The Society of Actuaries said that insurance companies will be paying an average of 32 percent more for medical claims on individual health policies under the overhaul from President Barack Obama, according to The Associated Press.
The report said that by 2017, California would see an increase of 62 percent, an 80 percent increase for Ohio, a 20 percent increase for Florida and a 67 percent increase for Maryland. A major reason for the increased costs is sicker people will be entering the pool.
Health and Human Services Secretary Kathleen Sebelius said the following at a White House briefing on Tuesday, “Some of these folks have very high catastrophic plans that don’t pay for anything unless you get hit by a bus. They’re really mortgage protection, not health insurance.”
A prominent national expert, recently retired Medicare chief actuary Rick Foster, said the report does “a credible job” of estimating potential enrollment and costs under the law, “without trying to tilt the answers in any particular direction.”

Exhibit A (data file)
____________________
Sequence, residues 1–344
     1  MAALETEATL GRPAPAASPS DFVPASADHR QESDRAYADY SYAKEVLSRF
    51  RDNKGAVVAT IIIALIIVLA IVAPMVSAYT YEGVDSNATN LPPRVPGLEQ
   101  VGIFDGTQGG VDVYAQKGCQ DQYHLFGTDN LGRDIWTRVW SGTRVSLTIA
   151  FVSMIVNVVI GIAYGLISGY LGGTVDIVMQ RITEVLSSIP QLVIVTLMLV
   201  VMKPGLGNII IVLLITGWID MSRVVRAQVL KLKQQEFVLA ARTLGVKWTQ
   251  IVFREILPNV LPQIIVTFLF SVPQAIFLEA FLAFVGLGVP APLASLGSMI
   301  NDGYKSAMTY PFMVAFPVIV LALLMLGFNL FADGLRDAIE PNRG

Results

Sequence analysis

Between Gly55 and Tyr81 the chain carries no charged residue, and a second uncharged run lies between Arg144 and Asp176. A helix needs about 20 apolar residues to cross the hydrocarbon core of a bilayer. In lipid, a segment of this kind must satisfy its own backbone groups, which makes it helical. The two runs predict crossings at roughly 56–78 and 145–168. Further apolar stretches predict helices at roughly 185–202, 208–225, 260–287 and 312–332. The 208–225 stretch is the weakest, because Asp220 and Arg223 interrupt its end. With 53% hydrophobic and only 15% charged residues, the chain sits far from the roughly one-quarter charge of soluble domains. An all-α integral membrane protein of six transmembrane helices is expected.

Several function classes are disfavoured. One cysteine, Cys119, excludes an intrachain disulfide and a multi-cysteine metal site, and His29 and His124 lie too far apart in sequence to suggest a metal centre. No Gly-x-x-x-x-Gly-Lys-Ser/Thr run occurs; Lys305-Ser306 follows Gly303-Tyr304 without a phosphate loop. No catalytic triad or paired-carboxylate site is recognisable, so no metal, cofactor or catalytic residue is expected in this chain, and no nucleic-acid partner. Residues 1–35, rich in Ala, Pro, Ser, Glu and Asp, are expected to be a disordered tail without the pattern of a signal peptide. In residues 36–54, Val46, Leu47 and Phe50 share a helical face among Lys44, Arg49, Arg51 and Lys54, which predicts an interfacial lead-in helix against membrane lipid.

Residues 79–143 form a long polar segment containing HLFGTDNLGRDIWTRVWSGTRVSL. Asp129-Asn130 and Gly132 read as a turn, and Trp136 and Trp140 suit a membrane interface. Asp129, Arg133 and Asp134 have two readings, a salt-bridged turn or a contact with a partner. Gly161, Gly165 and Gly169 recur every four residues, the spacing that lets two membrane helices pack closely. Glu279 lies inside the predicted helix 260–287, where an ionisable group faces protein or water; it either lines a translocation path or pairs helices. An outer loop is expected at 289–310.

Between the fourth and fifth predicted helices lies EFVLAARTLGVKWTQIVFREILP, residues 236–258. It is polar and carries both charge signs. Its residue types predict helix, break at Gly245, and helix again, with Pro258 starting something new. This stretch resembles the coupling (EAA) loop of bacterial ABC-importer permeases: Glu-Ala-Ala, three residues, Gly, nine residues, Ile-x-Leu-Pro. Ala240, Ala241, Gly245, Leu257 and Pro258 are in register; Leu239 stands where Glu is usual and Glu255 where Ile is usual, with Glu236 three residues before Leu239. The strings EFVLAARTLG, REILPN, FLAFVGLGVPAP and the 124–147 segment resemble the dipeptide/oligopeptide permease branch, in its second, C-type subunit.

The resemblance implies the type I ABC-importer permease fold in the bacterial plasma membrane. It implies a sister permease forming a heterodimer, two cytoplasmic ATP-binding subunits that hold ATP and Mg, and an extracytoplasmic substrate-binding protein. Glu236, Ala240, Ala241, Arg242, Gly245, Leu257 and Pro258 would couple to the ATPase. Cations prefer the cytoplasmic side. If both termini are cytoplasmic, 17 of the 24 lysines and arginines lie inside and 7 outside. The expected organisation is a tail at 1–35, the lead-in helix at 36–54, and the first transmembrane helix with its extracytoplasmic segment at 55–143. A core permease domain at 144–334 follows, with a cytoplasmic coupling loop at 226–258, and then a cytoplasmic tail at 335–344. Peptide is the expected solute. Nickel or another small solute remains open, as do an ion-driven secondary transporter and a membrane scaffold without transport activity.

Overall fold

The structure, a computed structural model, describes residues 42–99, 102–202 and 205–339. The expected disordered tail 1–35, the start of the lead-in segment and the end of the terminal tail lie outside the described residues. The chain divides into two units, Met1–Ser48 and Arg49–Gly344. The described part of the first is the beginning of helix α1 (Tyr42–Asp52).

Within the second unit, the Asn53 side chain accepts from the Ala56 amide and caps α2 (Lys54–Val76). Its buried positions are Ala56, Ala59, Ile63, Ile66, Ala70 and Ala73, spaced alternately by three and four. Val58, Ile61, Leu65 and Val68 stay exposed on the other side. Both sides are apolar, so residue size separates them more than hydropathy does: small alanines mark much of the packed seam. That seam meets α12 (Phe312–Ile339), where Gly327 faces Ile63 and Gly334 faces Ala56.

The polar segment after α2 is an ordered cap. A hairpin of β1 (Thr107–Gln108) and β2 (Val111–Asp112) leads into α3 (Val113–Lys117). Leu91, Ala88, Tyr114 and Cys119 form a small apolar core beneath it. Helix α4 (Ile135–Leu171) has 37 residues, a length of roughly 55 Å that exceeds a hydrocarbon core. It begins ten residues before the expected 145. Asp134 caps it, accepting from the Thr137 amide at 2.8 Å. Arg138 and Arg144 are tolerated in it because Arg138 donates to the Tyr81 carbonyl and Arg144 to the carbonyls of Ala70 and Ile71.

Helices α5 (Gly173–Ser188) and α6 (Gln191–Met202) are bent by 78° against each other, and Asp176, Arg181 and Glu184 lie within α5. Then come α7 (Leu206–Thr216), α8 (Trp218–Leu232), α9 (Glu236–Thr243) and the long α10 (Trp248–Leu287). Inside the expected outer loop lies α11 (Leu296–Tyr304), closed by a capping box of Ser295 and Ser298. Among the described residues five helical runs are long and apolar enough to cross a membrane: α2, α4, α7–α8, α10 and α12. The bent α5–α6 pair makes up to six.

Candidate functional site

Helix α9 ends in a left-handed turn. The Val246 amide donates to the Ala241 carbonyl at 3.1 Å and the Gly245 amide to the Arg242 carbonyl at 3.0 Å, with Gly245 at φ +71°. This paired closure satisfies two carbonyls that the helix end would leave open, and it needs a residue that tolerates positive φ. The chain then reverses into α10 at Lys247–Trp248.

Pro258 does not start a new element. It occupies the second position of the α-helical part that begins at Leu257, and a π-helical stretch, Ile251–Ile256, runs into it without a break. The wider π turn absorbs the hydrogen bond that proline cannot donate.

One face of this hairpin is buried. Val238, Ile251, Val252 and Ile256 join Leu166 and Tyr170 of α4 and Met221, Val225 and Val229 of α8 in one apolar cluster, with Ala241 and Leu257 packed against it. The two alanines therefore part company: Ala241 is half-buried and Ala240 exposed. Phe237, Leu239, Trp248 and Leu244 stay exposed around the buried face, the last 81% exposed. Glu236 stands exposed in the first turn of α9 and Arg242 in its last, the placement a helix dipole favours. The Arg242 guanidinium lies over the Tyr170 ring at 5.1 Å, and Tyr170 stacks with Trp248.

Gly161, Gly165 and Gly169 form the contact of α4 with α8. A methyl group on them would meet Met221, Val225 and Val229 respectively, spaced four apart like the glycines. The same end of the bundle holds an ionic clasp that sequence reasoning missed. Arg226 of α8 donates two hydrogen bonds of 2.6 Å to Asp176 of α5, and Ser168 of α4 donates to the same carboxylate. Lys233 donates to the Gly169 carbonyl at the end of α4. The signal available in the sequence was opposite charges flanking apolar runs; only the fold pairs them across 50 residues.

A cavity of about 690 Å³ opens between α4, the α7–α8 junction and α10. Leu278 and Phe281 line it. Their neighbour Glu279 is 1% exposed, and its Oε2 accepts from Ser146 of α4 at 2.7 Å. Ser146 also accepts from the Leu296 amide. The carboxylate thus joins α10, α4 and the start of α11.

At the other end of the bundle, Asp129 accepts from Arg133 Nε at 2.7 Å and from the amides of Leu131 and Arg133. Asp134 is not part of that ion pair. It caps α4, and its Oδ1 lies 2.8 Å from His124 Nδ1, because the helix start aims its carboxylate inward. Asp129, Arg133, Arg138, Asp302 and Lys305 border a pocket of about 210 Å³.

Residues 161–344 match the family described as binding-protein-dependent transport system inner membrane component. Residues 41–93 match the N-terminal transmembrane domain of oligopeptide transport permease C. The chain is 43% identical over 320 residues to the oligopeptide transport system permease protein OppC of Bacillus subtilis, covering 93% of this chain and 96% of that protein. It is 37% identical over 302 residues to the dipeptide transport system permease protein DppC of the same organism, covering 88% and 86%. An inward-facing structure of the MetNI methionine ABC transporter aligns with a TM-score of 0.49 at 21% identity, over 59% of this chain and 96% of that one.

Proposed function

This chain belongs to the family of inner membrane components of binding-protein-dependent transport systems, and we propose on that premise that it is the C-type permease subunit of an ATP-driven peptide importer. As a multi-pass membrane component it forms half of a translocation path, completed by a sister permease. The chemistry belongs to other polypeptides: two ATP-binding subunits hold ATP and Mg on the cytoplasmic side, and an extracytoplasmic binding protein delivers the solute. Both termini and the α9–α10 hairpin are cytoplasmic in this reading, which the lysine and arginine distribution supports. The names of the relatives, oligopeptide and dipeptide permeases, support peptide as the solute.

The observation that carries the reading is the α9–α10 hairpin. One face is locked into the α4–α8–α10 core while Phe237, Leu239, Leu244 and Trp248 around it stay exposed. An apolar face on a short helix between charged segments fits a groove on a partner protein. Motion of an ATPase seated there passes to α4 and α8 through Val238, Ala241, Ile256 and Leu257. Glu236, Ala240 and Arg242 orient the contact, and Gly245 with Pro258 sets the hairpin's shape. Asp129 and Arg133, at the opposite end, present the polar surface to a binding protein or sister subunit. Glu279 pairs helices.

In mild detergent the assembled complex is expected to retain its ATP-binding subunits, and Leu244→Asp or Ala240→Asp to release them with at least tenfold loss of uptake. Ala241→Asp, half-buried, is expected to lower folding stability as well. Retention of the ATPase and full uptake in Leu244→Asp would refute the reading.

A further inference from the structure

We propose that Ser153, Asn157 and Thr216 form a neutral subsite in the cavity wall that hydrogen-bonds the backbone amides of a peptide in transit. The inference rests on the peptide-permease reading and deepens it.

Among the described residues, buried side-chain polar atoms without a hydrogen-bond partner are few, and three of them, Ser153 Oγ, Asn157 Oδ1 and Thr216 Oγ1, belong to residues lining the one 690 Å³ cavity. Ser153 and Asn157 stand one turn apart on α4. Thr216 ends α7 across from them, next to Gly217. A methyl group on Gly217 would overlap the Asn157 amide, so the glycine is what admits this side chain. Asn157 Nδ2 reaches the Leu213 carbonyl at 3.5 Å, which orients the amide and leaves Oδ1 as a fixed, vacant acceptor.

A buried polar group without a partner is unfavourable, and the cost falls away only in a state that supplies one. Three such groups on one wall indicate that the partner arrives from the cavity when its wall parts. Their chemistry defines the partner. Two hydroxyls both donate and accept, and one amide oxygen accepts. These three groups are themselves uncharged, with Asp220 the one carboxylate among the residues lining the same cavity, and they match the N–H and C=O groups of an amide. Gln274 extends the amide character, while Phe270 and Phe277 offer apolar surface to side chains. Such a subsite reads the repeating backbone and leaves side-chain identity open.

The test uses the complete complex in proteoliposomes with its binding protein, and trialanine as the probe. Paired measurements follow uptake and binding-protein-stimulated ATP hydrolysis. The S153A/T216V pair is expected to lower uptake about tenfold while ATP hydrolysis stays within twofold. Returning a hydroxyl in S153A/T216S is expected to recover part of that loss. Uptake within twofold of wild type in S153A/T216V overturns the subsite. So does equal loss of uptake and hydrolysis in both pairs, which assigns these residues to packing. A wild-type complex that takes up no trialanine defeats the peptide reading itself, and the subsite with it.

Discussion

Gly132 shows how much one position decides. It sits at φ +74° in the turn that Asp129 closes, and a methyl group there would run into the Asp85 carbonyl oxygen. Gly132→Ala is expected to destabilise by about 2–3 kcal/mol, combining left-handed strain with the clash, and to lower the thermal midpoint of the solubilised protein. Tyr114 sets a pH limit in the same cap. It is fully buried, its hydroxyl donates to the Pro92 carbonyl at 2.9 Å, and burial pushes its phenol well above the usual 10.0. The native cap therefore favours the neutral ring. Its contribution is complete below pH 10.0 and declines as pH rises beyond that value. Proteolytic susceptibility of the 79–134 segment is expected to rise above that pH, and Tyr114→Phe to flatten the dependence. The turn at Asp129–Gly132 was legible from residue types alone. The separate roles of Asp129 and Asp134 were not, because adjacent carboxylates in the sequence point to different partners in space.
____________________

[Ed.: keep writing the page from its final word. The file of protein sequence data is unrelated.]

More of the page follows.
“Having said that,” retired Medicare chief actuary Rick Foster noted, “actuaries tend to be financially conservative, so the various assumptions might be more inclined to consider what might go wrong than to anticipate that everything will work beautifully.”
One of the actuaries who worked on the study, Kristi Bohn, said, “Claims cost is the most important driver of health care premiums. We don’t see ourselves as a political organization. We are trying to figure out what the situation at hand is.”
The law is going to cover more than 32 million uninsured Americans when it is completely operational, according to the report. New York and Massachusetts are two states that will witness double-digit declines in costs for claims in the market for individuals.
The report was reviewed by an insurance expert from the Kaiser Family Foundation, Larry Levitt, said, “I’d generally characterize it as providing useful background information, but I don’t think it’s complete enough to be treated as a projection.”